ECLGS is a useful lifeline to stressed borrowers, but its expanding scope calls for checks and balances
As the Centre weighs the need for a fresh fiscal stimulus after Covid’s second wave, it is good that it has acted immediately on expanding the scope of the Emergency Credit Line Guarantee Scheme (ECLGS) that it implemented last year. Initially designed to help MSMEs battered by the lockdown to quickly resume operations, the ECLGS has since gone through three iterations that have opened it up to both individuals and larger firms in select sectors. Initially applicable only to MSMEs with loans of up to ₹50 crore rated as ‘standard’ as of February 2020, ECLGS offered a sovereign credit guarantee to banks if they raised these firms’ working capital limits by 20 per cent. Later versions however allowed larger borrowers with loans up to ₹500 crore and firms from 26 new stressed sectors to tap in. The latest version removes even the ₹500 crore cap and offers the guaranteed credit line to aviation players and hospitals/clinics looking to set up oxygen facilities. The repayment period for original MSME borrowers has been pushed back by a year, with 10 per cent additional accommodation. While the government’s willingness to tweak ECLGS to make it more useful to borrowers is welcome, its expanding scope may call for safeguards to ensure that it reaches the most deserving borrowers.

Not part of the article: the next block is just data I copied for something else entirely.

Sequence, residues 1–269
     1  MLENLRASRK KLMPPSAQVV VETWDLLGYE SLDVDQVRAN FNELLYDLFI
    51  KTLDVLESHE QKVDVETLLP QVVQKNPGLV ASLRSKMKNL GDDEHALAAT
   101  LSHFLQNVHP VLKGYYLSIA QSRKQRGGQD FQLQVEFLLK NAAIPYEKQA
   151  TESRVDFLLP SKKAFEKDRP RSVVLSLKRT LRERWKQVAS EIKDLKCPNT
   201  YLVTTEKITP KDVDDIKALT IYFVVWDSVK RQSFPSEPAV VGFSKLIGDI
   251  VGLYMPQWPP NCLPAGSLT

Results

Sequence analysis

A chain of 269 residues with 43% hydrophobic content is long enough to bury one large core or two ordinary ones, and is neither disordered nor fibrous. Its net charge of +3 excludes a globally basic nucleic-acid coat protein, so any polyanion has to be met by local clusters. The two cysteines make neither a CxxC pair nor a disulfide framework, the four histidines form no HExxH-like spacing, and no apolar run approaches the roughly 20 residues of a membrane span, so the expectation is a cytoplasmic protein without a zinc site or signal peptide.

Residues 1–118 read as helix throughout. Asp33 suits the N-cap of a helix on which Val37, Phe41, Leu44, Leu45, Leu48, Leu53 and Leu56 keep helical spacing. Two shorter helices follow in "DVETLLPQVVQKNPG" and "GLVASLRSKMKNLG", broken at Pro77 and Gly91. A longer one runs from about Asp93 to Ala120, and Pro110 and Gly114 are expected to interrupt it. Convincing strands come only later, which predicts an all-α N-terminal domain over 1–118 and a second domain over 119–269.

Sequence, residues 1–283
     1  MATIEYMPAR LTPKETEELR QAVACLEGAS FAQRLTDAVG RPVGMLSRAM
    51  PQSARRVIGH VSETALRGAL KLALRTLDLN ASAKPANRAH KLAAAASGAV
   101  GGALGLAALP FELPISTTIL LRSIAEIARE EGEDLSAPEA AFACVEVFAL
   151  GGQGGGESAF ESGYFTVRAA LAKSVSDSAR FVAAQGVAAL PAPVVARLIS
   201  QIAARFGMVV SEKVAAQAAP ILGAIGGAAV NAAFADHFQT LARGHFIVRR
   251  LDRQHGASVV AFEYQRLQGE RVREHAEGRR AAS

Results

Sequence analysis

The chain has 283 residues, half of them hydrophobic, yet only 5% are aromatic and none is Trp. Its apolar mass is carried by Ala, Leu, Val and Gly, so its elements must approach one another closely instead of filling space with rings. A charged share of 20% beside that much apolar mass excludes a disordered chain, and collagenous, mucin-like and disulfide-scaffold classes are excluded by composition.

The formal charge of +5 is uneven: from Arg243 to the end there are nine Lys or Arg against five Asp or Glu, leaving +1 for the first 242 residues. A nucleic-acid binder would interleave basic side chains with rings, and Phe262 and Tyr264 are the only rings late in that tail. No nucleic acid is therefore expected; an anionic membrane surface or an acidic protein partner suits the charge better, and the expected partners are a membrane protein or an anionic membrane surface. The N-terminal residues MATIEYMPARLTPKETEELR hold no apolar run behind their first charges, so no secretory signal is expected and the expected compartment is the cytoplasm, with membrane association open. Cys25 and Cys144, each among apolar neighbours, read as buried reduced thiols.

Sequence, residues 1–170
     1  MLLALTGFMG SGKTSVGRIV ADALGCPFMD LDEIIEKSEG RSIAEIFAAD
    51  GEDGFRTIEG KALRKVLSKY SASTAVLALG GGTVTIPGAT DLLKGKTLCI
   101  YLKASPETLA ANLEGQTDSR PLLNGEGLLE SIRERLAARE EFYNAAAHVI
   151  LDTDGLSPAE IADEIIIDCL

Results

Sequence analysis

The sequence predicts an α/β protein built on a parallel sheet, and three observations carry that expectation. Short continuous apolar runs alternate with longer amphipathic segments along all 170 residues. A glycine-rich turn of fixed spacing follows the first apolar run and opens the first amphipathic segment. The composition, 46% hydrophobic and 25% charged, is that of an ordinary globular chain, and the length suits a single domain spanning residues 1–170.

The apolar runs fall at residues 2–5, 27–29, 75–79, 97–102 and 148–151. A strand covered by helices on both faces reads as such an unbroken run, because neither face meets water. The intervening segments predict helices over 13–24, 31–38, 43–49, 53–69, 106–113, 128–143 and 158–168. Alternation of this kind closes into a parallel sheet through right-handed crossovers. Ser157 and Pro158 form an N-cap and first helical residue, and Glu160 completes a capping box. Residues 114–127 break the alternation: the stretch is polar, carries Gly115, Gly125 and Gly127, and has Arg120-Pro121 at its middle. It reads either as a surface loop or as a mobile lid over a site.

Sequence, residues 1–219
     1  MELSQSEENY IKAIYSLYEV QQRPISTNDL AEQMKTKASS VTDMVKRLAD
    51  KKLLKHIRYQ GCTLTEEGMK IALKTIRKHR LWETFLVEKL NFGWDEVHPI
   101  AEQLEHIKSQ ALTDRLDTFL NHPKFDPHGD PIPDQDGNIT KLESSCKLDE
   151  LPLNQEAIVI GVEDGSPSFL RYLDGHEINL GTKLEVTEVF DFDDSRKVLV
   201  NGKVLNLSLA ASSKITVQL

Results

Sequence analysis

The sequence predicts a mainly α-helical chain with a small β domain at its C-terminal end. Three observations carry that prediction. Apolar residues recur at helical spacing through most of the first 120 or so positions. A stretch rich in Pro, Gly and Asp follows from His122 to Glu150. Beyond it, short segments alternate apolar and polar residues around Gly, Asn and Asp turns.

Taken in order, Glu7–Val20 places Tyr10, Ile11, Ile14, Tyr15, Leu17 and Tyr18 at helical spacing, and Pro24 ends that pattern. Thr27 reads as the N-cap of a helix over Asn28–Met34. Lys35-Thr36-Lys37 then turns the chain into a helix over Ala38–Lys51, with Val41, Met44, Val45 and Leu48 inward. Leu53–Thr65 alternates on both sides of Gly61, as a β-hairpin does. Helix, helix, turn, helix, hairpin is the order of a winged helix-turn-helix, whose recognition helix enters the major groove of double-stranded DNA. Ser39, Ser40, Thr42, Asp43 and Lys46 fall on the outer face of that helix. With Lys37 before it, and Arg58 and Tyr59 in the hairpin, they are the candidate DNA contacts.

Offering accommodation to a wide set of private borrowers and sectors in the form of a government-guaranteed credit line may be acceptable in a pandemic situation. But the moral hazard of such a move cannot be ignored. Given that Indian banks are just emerging from a bad loan crisis of mammoth proportions, they can ill-afford a repeat. Both the end-use of ECLGS loans and the ability of borrowers to stick to revised schedules thus needs to be carefully monitored.